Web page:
> Haitian people, who desperately want to own their democracy, in a brutal
> economic death_grip.  Is this the face that America intends to continue
> showing to the black and brown peoples of the world?   Ordinary Americans
> can no longer afford indifference.  Our president says that we are
> terrorism targets because "they are jealous of us"; because "we love
> liberty and they do not"; because we represent "truth and justice."
>         Is it really our compassion and magnanimity that cause the rage in
distant
> hearts to reduce Bali tourist spots to embers, Manhattan towers to dust,
> and our Nairobi embassy to rubble?  If so, the Dali Lama is in great
danger.
>         In these times, Americans must assess what our policies are doing
to human
> beings beyond our shores.  And we must realize that the same "information"
> machine that lied about WMD and Jessica Lynch lies about much more-
> including Aristide and Haiti.
>         The United States has had Haitian blood on its hands for a long
time.
> Today, they are dripping.
>         In 2000, the year of our electoral meltdown, election observers in
Haiti
> recommended that seven senate seats (out of a total of 7,500 positions
> filled nation_wide) go to a run_off.  Haiti's electoral commission
> disagreed, creating the only international concern about the election.  To
> avoid "the wrath of the mighty," these senators resigned.  However,
> American officials who had vehemently opposed the restoration of Haiti's
> elected government in 1994, now seized on the run_off controversy to
> further demonize Aristide, break the Haitian people's spirit, and "prove"
> the Haitian Revolution a failure
>         Powerful Americans are crushing the Haitian people's dream of
building
> their own democracy in their own image, and these officials blocking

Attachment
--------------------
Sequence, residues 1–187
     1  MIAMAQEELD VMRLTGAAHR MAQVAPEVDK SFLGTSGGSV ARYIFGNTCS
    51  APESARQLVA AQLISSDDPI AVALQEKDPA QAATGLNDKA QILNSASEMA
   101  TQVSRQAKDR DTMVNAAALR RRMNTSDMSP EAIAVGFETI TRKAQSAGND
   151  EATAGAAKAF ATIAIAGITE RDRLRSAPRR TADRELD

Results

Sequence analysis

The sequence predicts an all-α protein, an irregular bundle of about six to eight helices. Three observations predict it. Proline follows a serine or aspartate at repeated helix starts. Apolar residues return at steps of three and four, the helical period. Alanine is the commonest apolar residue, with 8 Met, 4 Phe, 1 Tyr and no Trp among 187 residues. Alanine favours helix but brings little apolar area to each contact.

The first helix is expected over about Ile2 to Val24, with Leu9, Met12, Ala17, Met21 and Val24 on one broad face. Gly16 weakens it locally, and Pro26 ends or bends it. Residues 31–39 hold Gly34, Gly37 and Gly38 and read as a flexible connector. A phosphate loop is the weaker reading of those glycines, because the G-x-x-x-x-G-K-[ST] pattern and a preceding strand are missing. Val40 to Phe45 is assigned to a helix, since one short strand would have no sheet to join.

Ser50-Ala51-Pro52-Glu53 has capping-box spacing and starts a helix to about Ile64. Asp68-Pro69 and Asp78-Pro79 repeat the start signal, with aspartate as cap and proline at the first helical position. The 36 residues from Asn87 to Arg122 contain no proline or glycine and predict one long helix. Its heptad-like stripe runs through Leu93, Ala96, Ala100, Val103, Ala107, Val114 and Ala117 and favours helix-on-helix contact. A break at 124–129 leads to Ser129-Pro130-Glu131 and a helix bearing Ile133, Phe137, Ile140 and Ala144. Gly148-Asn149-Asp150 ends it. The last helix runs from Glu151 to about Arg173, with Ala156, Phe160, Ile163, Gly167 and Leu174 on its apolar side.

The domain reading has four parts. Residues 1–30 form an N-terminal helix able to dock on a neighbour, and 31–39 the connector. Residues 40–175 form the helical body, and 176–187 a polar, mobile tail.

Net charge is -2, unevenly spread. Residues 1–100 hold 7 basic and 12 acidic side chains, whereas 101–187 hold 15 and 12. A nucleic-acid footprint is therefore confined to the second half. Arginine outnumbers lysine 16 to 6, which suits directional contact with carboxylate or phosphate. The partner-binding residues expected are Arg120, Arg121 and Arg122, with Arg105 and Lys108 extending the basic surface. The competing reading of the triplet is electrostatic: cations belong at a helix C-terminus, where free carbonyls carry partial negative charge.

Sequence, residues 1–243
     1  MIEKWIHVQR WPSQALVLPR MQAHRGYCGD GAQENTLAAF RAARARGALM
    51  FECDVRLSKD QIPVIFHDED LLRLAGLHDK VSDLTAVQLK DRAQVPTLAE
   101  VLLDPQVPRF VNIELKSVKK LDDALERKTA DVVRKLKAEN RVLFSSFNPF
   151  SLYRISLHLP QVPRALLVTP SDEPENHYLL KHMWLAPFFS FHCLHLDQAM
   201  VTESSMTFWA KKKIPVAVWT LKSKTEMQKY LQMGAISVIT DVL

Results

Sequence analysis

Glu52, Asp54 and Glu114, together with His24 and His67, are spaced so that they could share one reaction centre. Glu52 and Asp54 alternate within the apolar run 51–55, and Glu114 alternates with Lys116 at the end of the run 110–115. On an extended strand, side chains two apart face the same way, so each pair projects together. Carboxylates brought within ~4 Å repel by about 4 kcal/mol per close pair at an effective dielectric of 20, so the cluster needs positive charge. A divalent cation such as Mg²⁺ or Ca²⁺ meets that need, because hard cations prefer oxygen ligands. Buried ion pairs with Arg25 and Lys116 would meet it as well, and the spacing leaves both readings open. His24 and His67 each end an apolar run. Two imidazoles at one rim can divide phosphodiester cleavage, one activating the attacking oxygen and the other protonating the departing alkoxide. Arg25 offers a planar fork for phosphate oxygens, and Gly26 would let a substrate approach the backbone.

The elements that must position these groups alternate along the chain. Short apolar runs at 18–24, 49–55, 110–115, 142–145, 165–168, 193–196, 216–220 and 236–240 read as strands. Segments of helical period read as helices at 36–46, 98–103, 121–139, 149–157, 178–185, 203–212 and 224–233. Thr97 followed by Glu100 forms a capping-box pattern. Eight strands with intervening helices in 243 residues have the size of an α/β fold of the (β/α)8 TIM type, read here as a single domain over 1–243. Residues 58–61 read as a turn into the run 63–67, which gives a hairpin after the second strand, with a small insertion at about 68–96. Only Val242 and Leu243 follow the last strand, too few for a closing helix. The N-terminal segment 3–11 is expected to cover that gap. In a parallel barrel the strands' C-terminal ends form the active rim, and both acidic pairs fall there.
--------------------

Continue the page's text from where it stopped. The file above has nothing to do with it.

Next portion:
> Haitians' access to safe drinking water tells us all we need to know.
They
> loathe Aristide because he represents the poorer, blacker masses of
Haitian
> society, whereas America's traditional allies have always been Haiti's
> moneyed, white or mulatto "elite."  The parallels between America's
> policies toward Haiti and our policies towards apartheid South Africa have
> never been lost on me.
>         During my colleagues' and my battle to end America's long_standing
> collusion with South Africa's white supremacist government, highly
> respected U.S. government officials publicly asserted that Mandela and the
> African National Congress were terrorist and that the anti_apartheid
> movement was antithetical to U.S. interests.  Aristide's government was
> restored in 1994 following a coup in which Haiti's US_allied army killed
> 5,000 civilians.  And those American officials who had defended apartheid
> South Africa lost no time in turning their policy venom full bore on
> today's descendants of the most spectacular slave revolt in the history of
> all the Americas- and the man Haitians chose to lead them.
>         Aristide has not "failed to deliver."  Powerful individuals from
the most
> powerful nation on earth have placed a financial embargo on his country
and
> made the strangulation of his government- and therefore his people- a
> priority.  They are determined to render him incapable of delivering so
> that his people will, in time, tire of the excruciating hardships and tire
> of him.
>         At the dawn of this New Year, perhaps we should reflect on what we
have
> done to Aristide, what we have done to the Haitian people, and on Thomas
> Jefferson's lament: "When I consider that God is just, I shudder for my
> country."  The way we continue to treat weaker peoples and nations around
> the world will determine, for years to come, whether justice is something
> Americans have reason to welcome or something we have reason to dread.
>         Randall Robinson (rr at rosro.com) is founder and former president of
> TransAfrica.  He is an author and lives in the
> Caribbean.  www.blackcommentator.com
>
>